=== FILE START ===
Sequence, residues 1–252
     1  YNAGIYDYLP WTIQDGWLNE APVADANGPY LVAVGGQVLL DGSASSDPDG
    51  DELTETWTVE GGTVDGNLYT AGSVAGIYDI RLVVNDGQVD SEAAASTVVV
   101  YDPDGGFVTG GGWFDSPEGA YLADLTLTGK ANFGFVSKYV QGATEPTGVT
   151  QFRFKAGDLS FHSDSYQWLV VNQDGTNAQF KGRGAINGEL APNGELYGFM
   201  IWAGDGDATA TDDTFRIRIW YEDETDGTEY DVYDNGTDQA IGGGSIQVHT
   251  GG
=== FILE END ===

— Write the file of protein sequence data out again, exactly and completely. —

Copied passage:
Sequence, residues 1–252
     1  YNAGIYDYLP WTIQDGWLNE APVADANGPY LVAVGGQVLL DGSASSDPDG
    51  DELTETWTVE GGTVDGNLYT AGSVAGIYDI RLVVNDGQVD SEAAASTVVV
   101  YDPDGGFVTG GGWFDSPEGA YLADLTLTGK ANFGFVSKYV QGATEPTGVT
   151  QFRFKAGDLS FHSDSYQWLV VNQDGTNAQF KGRGAINGEL APNGELYGFM
   201  IWAGDGDATA TDDTFRIRIW YEDETDGTEY DVYDNGTDQA IGGGSIQVHT
   251  GG